In the beginning of April, the Jaish al Muhajireen wal Ansar (Army of Emigrants and Supporters, or Muhajireen Army), a group of foreign fighters led by commanders from the Caucasus, released video of its training camp in Aleppo province. The video included footage of a bomb-making class.

In early May, the Islamic State of Iraq and the Sham announced the existence of the Zarqawi Camp, which is named after the slain founder of al Qaeda in Iraq, on the outskirts of the Syrian capital of Damascus.

And in June, an Uzbek jihadist group known as the Imam Bukhari Jamaat released a video of its training camp in Syria. The camp is thought to be located in Aleppo province.

The videos from ISIS, Al Nusrah Front, Muhajireen Army, and Imam Bukhari Jamaat training camps are reminiscent of others released by al Qaeda from the network of camps in Afghanistan during the 1990s. Al Qaeda used camps such as Khalden and Al Farouq to churn out thousands of foreign fighters who fought alongside the Taliban in the 55th Arab Brigade. But al Qaeda also selected graduates of the camps to conduct attacks in the West, including the Sept. 11, 2001 operation against the US.




Monday, July 21, 2014


Al Qaeda renews its oath of allegiance to Taliban leader Mullah Omar (02:29PM)
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Al Qaeda renews its oath of allegiance to Taliban emir Mullah Omar in its new online publication, Al Nafir.


Al Qaeda published the first edition of a new online bulletin, "Al Nafir" (meaning "call to arms" or "call to mobilize"), on July 20. And the organization uses the inaugural issue to publicly renew its oath of allegiance to Taliban emir Mullah Omar.

"The first edition begins by renewing the pledge of allegiance to [the] Emir of the Believers Mullah Muhammad Omar Mujahid, may Allah preserve him, and confirming that al Qaeda and its branches everywhere are soldiers among his soldiers," the newsletter reads, according to a translation by the SITE Intelligence Group. Al Qaeda goes on to say that it is fighting "under his victorious banner" to restore control over a broad swath of territory "to the coming State of the Caliphate."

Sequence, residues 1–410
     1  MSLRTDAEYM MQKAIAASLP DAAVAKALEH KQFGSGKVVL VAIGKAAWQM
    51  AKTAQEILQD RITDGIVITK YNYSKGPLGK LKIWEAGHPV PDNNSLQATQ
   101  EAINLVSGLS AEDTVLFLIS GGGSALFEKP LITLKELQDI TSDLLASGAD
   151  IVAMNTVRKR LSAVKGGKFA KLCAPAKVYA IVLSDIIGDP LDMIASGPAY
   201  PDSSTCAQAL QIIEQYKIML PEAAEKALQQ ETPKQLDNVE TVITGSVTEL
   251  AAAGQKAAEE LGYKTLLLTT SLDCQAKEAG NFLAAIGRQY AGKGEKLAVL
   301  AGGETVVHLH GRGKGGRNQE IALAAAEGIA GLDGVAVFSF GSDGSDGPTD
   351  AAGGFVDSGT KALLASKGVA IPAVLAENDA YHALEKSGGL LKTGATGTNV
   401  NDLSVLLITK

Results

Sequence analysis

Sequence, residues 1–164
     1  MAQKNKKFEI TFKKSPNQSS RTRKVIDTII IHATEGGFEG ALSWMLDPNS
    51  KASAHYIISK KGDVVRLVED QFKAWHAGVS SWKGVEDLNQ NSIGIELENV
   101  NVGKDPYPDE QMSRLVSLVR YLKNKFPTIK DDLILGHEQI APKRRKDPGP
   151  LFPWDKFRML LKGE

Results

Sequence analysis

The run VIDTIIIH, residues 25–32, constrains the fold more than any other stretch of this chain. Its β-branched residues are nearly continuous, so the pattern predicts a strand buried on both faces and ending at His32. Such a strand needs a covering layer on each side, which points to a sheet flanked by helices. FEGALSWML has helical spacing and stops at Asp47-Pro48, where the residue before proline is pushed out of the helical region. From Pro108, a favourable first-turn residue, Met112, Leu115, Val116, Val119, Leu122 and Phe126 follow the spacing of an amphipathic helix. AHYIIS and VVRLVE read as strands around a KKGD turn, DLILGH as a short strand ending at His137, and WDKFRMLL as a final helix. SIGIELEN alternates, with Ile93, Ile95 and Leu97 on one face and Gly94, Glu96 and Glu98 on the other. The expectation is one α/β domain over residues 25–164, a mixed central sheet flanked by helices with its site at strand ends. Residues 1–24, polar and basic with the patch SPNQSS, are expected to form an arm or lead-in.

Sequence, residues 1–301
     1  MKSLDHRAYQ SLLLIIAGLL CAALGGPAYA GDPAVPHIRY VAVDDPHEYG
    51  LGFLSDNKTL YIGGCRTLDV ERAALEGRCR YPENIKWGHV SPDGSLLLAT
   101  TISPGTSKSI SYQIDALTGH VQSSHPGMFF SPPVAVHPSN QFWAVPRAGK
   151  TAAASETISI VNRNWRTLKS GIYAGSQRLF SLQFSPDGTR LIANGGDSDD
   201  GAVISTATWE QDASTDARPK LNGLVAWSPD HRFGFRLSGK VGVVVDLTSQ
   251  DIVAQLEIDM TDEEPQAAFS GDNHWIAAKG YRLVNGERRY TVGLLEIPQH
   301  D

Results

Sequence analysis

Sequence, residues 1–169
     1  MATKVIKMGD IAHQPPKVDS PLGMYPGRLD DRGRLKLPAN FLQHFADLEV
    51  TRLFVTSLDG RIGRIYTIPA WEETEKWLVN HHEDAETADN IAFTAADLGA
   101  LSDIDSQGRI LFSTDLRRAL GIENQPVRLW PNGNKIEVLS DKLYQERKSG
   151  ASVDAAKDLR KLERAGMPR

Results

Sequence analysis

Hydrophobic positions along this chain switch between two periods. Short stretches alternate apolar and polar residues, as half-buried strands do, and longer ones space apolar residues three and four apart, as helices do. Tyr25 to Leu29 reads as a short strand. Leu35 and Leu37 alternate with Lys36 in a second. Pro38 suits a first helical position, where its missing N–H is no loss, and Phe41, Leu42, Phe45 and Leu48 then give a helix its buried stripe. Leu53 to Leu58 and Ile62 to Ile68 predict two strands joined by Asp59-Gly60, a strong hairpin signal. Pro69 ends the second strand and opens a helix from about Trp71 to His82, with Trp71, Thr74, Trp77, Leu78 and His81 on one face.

Although Al Nafir was just released online by As Sahab, al Qaeda's propaganda arm, the first edition's publication date indicates that it was produced in April or May. Its release at this time is undoubtedly connected to the Islamic State's declaration in late June that it now rules over a supposed caliphate. The Islamic State is an al Qaeda offshoot that has been openly at odds with al Qaeda for more than one year.

As part of its announcement, the Islamic State said that all other jihadist groups, and even all Muslims, owe Abu Bakr al Baghdadi (now called "Caliph Ibrahim") their loyalty. This was a direct attempt to usurp the authority of al Qaeda emir Ayman al Zawahiri and could be read as a challenge to all other senior jihadists around the globe as well.

The Islamic State controls a significant amount of territory in both Iraq and Syria. And because of the group's recent territorial gains, Baghdadi's attempted power grab has forced al Qaeda to respond with an explanation of how it believes the jihadists' world is organized. Baghdadi's claims have caused significant problems for al Qaeda's senior leadership, which does not claim to directly control any territory. Al Qaeda's regional branches in the Middle East and Africa do control turf, but none of them is organized as an officially sanctioned Islamic state.

Although both Baghdadi and Mullah Omar have now been called "Emir of the Believers," only Baghdadi has claimed to rule over an all-encompassing caliphate. Mullah Omar's organization calls itself the "Islamic Emirate of Afghanistan," meaning that it is considered a regional state, and not a caliphate. The Taliban still gives itself this name even though it does not control much of Afghanistan.

Leading jihadist ideologues, such as Abu Muhammad al Maqdisi, have pointed this out in their critiques of Baghdadi's group. Maqdisi has noted that the Taliban never claimed that it was owed the allegiance of Muslims everywhere, as the Islamic State now does.

Al Qaeda also uses the new publication to portray itself as being committed to defending and leading predominately Muslim countries everywhere. (In reality, most of the victims of al Qaeda's violence are Muslims.)